Bad payer, bad service
MBABANE – An acute shortage of medical supplies has put patie-nts, particularly diabetics in severe danger in the country’s largest referral hospital.
The Mbabane Government Hospital turns away diabetic patients because medical personnel cannot ascertain their sugar levels, a requirement for every diabetic before any medication can be prescribed or even administered.
The dire situation at the hospital was confirmed by personnel.
However, an attempt to obtain comments from senior pharmacist Thuli Magagula, proved futile as numerous attempts were made to locate her but to no avail.
For purposes of monitoring diabetes, blood sugar levels are ascertained using a gadget called glucostics.
Zintombi Maseko*, 45, lamented the situation, saying it was digging deep into their pockets, as patients, since they were left with no other alternative but to go to commercial medical facilities for assistance.
"Diabetes is a delicate medical condition. One should not make any mistake with this particular ailment," she said.
She described the unavailability of glucostics at the hospital as very dangerous for diabetics, saying the authorities needed to urgently take up the issue ‘before someone dies.’
Nurses revealed that the hospital had been without this gadget for the past four months or so. The Times SUNDAY spoke to at least four nurses who all issued corroborative statements.
"This is a headache for us. You know how traumatic it can be to turn back a patient because of a lack of medication or equipment," said one staffer.
She said the situation was making their lives as caretakers very difficult.
"You can’t call yourself a helper when there is nothing you can do for your clients, it’s a hopless situation," she said.
Another nurse said the situation posed serious danger for the diabetics whose medical condition demands that they follow a strict management and treatment regime. She also highlighted that the problem of medical supplies was not only confined to diabetic people alone as other ailments like high blood pressure were also affected.
Moreover, she said, they were also faced with a serious problem for medication which is administered through injection because the hospital also lacked vital equipment as syringes, cotton for cleaning patients prior to administering an injection.
Another drug, which is lacking at the hospital is Phenegan, which is used as an intervention and patients suffering from nausea. This has left patients with no other alternative except to source prescribed medication from pharmaceutical establishments in town, which charge higher prices.
Nqobile Mkhumane, a pharmacist at Philani pharmacy at the Swazi Plaza in Mbabane, also concurred that they had of late experienced a heavy influx of patients coming directly from the Mbabane Government Hospital.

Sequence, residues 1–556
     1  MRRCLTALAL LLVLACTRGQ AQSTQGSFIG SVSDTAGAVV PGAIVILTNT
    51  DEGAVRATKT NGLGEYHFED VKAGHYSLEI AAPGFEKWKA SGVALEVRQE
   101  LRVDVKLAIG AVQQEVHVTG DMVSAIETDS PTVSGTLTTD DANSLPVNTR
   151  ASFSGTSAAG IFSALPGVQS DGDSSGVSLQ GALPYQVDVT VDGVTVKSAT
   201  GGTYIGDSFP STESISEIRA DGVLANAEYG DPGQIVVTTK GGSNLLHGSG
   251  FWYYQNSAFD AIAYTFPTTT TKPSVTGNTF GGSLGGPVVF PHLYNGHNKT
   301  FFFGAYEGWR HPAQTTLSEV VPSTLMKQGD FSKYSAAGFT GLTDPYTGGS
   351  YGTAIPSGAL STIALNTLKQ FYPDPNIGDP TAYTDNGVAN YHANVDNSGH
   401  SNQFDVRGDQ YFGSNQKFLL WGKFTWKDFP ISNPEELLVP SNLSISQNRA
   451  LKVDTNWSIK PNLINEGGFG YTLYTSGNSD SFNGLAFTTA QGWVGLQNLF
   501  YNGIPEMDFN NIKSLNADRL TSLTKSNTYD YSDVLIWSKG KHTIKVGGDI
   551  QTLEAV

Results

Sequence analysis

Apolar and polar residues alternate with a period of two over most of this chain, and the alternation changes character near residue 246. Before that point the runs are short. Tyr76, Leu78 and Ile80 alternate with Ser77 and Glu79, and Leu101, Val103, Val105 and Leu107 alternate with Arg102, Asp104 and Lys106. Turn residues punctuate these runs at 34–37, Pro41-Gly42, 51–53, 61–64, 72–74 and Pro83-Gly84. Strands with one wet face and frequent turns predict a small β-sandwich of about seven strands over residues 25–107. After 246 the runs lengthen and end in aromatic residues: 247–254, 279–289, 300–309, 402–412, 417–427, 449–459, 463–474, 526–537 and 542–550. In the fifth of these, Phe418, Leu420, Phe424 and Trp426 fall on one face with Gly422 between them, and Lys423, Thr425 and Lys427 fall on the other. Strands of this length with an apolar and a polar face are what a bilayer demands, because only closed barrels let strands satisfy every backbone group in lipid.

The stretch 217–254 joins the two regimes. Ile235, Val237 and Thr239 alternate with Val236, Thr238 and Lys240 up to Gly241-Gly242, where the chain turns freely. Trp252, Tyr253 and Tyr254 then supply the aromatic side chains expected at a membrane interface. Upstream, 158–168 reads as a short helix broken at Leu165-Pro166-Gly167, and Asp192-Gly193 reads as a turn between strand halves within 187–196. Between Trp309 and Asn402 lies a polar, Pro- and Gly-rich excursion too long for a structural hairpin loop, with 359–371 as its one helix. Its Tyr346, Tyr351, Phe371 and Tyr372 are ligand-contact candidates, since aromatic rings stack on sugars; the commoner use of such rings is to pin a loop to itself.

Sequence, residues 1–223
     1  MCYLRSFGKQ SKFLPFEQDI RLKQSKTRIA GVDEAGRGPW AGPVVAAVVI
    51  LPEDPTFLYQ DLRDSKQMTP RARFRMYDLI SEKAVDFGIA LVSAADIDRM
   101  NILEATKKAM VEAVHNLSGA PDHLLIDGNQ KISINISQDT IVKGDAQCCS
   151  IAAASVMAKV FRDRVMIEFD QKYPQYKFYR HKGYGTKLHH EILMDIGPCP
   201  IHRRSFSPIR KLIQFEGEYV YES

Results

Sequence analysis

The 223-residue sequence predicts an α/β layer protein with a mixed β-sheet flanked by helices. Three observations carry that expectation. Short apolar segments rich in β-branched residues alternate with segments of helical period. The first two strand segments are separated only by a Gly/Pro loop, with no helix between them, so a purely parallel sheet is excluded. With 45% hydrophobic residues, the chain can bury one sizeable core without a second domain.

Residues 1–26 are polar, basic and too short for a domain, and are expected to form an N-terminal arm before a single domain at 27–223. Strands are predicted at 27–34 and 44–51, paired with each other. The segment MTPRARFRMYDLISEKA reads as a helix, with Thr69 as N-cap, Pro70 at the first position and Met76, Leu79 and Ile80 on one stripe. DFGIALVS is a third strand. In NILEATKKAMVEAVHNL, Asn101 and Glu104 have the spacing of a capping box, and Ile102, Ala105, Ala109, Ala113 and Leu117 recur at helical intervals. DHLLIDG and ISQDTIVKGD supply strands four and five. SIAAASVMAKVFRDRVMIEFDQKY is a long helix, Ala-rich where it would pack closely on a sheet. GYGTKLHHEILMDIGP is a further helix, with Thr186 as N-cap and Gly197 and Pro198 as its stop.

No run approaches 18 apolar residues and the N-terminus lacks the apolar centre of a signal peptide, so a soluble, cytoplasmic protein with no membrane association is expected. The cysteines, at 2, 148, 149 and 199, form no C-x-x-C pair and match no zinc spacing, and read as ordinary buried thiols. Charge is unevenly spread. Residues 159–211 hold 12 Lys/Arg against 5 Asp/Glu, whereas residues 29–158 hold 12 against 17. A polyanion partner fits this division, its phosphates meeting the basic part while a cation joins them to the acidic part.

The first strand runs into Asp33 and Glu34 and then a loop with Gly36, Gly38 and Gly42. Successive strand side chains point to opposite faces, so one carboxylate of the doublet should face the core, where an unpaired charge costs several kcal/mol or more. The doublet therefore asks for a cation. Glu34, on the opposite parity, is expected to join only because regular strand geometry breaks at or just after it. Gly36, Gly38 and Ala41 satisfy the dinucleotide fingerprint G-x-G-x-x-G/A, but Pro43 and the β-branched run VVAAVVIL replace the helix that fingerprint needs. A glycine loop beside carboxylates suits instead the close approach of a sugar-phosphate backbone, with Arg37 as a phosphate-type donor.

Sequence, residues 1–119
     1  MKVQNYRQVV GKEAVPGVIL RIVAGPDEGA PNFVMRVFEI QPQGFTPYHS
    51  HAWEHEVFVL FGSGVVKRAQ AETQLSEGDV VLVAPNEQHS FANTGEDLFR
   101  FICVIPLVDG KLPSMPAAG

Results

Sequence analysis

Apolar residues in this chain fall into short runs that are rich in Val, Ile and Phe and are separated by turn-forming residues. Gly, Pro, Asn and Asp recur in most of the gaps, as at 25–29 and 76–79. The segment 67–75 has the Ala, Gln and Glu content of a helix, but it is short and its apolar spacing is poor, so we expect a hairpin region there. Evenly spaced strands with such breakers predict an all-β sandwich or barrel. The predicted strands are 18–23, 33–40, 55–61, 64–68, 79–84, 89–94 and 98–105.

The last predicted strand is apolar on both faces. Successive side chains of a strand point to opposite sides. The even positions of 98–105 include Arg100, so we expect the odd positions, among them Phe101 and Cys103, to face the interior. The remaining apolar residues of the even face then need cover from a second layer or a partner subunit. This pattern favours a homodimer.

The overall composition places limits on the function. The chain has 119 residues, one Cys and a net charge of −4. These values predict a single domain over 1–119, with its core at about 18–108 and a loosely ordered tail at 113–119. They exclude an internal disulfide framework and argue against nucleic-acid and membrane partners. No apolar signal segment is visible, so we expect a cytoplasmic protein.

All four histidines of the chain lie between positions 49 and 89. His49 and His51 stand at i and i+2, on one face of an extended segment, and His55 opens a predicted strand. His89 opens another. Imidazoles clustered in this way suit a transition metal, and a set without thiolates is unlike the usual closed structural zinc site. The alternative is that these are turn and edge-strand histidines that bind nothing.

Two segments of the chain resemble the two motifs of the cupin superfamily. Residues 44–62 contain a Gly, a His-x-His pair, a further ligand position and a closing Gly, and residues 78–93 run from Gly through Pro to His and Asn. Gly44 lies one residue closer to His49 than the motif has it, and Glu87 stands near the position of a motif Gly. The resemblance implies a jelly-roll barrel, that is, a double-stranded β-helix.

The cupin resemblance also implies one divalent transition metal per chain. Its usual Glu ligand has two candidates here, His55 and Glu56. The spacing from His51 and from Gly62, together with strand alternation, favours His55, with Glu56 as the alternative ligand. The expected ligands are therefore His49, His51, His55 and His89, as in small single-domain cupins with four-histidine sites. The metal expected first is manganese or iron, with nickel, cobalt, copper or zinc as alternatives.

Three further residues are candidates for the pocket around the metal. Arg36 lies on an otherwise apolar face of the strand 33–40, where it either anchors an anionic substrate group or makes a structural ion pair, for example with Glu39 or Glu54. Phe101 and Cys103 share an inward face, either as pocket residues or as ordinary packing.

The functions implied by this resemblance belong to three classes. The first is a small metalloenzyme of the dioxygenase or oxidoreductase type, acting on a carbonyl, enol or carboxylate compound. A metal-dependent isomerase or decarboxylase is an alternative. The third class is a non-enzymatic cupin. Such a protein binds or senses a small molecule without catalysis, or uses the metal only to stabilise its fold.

She said about 50 per cent of their clientele constitute patients coming to their establishment because they could not get any assistance from the hospital.
"I have noted a sharp increase in patients seeking medication for high blood pressure," she said, noting that it was easy to identify any variation from sales of such medication because high blood pressure was a serious medical condition that also demands strict monitoring procedures.
Diabetes is a medical condition which is triggered by a change in one’s blood glucose, or sugar levels. The human body derives its glucose from the food we eat. Glucose is important in the body as a source of energy.
To convert food into glucose, the body utilises a hormone called insulin.
Diabetes is classified into two categories, namely Type I and II.
With type I, the patient’s body does not make insulin at all, while in type II the problem is that the body is either not making enough insulin or does not utilise it well.
Type II is the most common type and the symptoms include fatigue, thirst, weight loss, blurred vision and frequent urination. Some people though may be without any of the above mentioned symptoms but still have the condition, which can lead to delayed diagnoses.
To ascertain whether one is diabetic or not, a blood test needs to be conducted. Once a person is diagnosed with diabetes, they are advised to follow a strict control and management of their condition in order to reduce the risk of developing complications.
Normally, controlling one’s situation entails keeping blood sugar within acceptable levels.
To control blood sugar, a common intervention is to administer insulin to the patients, which is usually done through injection or through a pump that provides continuous below the skin infusion of the hormone.
*Name changed because she requested anonymity.
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